Representations have been made in this regard about the policy operated in relation to limited areas within their district by some housing authorities under which permissions for change of use of houses in the area are generally refused. This can have the effect of bringing about the steady, and sometimes rapid, deterioration of whole streets of houses, worth retaining on architectural grounds, but which would require a level of expenditure on maintenance and improvement which the income obtainable from lettings as houses and flats would not make economically viable.
A further consideration which arises is that a refusal of permission cannot ensure that the habitable house retained will be occupied as a dwelling. Again, where permission is given subject to conditions requiring at least the same amount of habitable accommodation to be provided in the course of redevelopment, the new accommodation may not, in many cases, be a suitable alternative for the persons or families displaced. In other words, the stock of the type of housing they require will be diminished and the replacement accommodation provided on the site may be too expensive for them. This point was referred to by Deputy Ruairí Quinn when a similiar Motion was before this House on 7 December 1977.
There has been considerable, and justifiable, criticism of developers who set out to defeat the objectives of the Act by allowing habitable houses to remain unoccupied, unmaintained and a target for vandals. They do this on the basis that the restrictions under the Act on redevelopment will no longer apply when the dwellings become unfit for human habitation. There are provisions in the temporary Act which were intended to enable local authorities to deal with such cases of deliberate dilapidation, but in practice these powers were found to be unworkable. Attempts by local authorities to enforce the controls were not successful. This is an unsatisfactory  situation, one which will receive careful attention when proposals for permanent legislation to replace the 1969 Act are being prepared.
Finally, there is the question of whether or not provision for compensation should be provided in cases of refusal of permission, either to demolish or change the use of a habitable house. No such provision had been seen as necessary in the temporary Act. But it has been argued that the absence of such a provision can, in some cases, be inequitable to the owners of property affected. On the other hand, provision for payment of compensation generally could make the operation of the Act unduly costly for local authorities.
These legal, administrative and functional problems could not, because of their complexity, be resolved without unduly delaying the preparation by my Department, and the consideration by the Dáil and Seanad, of the other aspects of housing legislation which were enacted last August in the Housing (Miscellaneous Provisions) Act, 1979. Rather than hold up these other changes in housing legislation, for some of which there was an urgent need, it was decided to defer a decision on the future of the 1969 Act until the recent Bill had been enacted.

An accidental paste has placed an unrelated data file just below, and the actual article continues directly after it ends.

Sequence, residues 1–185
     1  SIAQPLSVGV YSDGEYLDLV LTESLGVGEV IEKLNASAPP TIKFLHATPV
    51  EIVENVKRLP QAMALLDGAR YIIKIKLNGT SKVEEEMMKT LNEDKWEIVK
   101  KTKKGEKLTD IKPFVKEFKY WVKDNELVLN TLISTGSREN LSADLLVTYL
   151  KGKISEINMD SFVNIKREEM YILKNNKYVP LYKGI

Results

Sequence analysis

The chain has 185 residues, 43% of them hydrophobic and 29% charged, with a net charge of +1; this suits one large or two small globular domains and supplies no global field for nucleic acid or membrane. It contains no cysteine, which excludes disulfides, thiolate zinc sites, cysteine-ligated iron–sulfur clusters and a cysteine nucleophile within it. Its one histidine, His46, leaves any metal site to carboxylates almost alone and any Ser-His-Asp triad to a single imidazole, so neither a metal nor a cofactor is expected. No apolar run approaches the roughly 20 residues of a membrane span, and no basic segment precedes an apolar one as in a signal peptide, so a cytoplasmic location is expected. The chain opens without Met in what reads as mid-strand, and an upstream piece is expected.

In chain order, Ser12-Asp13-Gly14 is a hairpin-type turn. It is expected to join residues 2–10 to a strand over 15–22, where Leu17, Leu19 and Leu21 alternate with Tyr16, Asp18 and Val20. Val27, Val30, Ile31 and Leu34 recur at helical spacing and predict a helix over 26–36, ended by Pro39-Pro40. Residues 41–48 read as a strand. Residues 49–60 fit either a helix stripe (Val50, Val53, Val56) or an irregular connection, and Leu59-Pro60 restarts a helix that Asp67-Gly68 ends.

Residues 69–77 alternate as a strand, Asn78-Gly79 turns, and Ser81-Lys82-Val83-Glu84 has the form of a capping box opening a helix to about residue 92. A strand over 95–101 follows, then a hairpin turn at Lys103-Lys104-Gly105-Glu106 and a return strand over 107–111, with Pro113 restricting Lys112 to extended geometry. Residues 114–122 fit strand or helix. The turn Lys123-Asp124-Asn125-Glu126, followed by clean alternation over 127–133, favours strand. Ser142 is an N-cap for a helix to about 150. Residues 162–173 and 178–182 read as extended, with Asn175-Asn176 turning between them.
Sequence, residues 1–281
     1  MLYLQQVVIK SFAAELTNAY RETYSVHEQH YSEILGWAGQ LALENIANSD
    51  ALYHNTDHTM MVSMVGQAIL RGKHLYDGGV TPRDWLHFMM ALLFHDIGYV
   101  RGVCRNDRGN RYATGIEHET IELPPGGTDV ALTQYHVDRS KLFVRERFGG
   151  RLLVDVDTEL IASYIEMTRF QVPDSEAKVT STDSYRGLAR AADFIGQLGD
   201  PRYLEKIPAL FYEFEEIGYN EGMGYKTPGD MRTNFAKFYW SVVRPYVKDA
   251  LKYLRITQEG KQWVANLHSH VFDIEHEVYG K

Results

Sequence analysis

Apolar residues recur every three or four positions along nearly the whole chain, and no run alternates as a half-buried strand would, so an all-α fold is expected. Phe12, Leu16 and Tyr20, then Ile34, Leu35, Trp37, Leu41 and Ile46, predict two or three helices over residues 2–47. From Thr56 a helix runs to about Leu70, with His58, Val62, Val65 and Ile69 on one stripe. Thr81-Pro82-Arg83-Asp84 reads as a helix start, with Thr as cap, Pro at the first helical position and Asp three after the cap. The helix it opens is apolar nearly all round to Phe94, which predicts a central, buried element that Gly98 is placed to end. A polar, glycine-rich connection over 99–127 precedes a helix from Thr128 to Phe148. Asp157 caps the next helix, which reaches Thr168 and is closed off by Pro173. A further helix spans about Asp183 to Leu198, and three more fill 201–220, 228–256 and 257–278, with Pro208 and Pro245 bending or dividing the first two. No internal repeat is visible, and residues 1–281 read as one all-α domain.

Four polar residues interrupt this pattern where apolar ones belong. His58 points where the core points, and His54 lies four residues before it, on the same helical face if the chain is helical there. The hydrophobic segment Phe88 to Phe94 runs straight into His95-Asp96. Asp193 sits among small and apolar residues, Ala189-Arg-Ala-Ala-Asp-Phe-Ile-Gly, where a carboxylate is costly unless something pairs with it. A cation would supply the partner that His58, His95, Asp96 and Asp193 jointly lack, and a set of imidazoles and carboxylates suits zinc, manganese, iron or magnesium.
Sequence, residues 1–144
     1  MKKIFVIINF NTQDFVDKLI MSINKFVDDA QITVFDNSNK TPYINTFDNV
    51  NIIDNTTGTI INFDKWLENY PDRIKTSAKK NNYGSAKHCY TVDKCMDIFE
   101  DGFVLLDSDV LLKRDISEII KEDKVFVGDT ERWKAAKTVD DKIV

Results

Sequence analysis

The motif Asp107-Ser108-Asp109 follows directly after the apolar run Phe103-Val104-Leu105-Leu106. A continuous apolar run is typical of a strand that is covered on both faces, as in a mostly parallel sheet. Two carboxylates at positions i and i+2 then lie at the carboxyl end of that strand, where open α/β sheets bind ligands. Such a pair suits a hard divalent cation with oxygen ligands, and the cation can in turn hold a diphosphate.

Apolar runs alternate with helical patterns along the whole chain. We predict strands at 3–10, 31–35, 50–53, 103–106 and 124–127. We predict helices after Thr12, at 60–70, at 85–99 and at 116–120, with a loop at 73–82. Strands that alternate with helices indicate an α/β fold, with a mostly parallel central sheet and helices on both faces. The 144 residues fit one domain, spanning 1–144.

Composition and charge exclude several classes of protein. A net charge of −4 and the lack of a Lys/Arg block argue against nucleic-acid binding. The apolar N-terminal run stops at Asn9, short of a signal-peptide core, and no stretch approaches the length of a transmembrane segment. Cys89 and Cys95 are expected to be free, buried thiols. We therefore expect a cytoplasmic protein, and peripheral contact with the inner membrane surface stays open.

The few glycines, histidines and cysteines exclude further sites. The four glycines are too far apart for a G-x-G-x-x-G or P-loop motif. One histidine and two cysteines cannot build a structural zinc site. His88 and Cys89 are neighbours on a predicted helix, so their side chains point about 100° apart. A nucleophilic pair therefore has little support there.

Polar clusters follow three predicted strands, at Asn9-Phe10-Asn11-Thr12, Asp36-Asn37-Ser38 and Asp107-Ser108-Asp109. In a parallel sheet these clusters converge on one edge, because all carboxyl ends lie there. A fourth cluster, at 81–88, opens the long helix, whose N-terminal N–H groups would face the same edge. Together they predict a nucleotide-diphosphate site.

While I have mentioned a number of factors which might appear to justify allowing the 1969 Act to lapse nevertheless I am satisfied, on balance, that there is a need to provide housing authorities with some positive powers of control over the unwarranted demolition or change of use of sound houses and flats. To guide me in deciding what form these controls should take in the future I decided that a detailed analysis of the operations under the Act should be carried out by all housing authorities concerned, not only of the results of the grants of permission for either demolition or change of use, but, even more so, of the effects on the houses and the neighbourhoods in respect of which permissions were refused. I have asked local authorities, particularly those who actively  operate the provisions of the Act, to make this analysis and to inform me of the results. In the light of the findings of this survey, having regard also to any views or recommendations which Deputies might like to put forward today, I hope in the coming months to decide what policies governing the control by housing authorities of sound existing housing accommodation might most appropriately be adopted.
In the meantime, I recommend to the House that the existing controls should be retained for the further period proposed in the draft order now before the Dáil.
Mr. T.J. Fitzpatrick (Cavan-Monaghan) Mr. T.J. Fitzpatrick (Cavan-Monaghan)
Mr. T.J. Fitzpatrick (Cavan-Monaghan): As the Minister of State has told us, the purpose of the motion before the House is to continue up to 31 December 1981 the provisions of the 1969 Housing Act which make it illegal to demolish habitable houses without the consent of the appropriate housing authority and lays it down that consent may be refused or given subject to conditions. That Act was introduced as a temporary measure, as is clear from the fact that it was to expire two years after its enactment. Indeed the Minister's opening speech makes it clear that it was regarded as a temporary measure.